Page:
An Update on the Ability of the Police to Search Hotel Records

By John R. Hunt Attorney, Stokes Wagner Hunt Martez & Terrell, ALC | December 18, 2016

Last year, the U.S. Supreme Court issued a decision that placed restrictions on the ability of law enforcement officers to inspect hotel guest registers and other records. Many local laws, which had authorized unlimited police inspections, suddenly were rendered unconstitutional. This article reviews that decision and discusses the developments that have occurred in this area during the past year.

Until recently, hotels in many jurisdictions routinely provided the police with access to their guest registers without much concern about the privacy issues that might be involved. After all, numerous cities and towns possessed ordinances that required hotels to collect specific guest information and allowed the police inspect the information upon request. A failure to allow access could result in a fine or in some cases, jail time.

In 2015, however, the U.S. Supreme Court decided the landmark case of City of Los Angeles v. Patel, 135 S.Ct. 2443 (2015), which recognized that a hotel has a privacy interest in the information it collects from its guests. Moreover, the court held that a hotel which objects to providing the police with access to this information must be able to obtain an impartial review of whether the request by the police is proper.

Now that Patel has been the law for over a year, it is worth examining what kinds of changes it has brought about from a legal and operational standpoint. In order to do so, a brief recap of the case is appropriate.

The dispute in Patel involved a Los Angeles city ordinance that had been on the books for over one hundred years in one form or another. The ordinance required hotel operators to record a variety of information about their guests, including: the guest's name and address; the number of persons in their party; the make, model and license plate number of the guest's vehicle; their arrival and departure dates and times; the room number that was assigned to the guest; the rate charged; the amount collected; and the method of payment. If a guest paid with cash or rented a room for less than twelve hours, he or she had to present the hotel with photographic identification and the operator was required to record the number and expiration date of the document. The city required hotels to keep this information for at least ninety days and train their employees on how to record it.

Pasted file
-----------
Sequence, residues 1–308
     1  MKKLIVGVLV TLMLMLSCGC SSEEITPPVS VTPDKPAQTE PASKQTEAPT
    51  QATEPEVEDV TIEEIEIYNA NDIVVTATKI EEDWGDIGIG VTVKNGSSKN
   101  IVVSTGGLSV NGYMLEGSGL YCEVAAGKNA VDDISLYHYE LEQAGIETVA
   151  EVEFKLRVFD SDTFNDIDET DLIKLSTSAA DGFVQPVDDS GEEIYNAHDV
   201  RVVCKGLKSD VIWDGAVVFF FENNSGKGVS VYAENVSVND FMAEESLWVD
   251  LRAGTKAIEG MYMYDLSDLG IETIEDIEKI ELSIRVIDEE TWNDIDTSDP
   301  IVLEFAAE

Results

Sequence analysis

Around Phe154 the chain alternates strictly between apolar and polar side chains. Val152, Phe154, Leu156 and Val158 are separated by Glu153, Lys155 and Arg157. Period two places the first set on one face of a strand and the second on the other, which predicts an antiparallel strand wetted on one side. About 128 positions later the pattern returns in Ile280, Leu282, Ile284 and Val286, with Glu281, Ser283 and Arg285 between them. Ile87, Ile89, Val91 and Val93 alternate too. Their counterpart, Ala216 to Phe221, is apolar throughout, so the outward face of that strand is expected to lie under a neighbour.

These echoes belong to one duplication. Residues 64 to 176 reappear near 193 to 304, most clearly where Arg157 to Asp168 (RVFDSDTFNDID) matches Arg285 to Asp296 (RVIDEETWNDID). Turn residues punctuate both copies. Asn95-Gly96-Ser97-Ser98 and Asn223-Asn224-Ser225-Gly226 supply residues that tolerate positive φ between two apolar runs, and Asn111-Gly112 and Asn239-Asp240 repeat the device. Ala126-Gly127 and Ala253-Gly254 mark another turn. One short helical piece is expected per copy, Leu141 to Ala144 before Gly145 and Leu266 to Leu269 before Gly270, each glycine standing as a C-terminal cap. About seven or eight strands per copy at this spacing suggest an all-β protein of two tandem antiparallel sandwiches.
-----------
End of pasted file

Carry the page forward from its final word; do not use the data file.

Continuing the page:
The Ordinance also mandated that the records containing this information were to be made available to any Los Angeles police officer for inspection. The only restriction was that an inspection was to be conducted at a time that "minimized any interference with the operation of the business." A failure by a hotel to provide the records for inspection was a misdemeanor punishable by up to six months in jail and a $1,000 fine.

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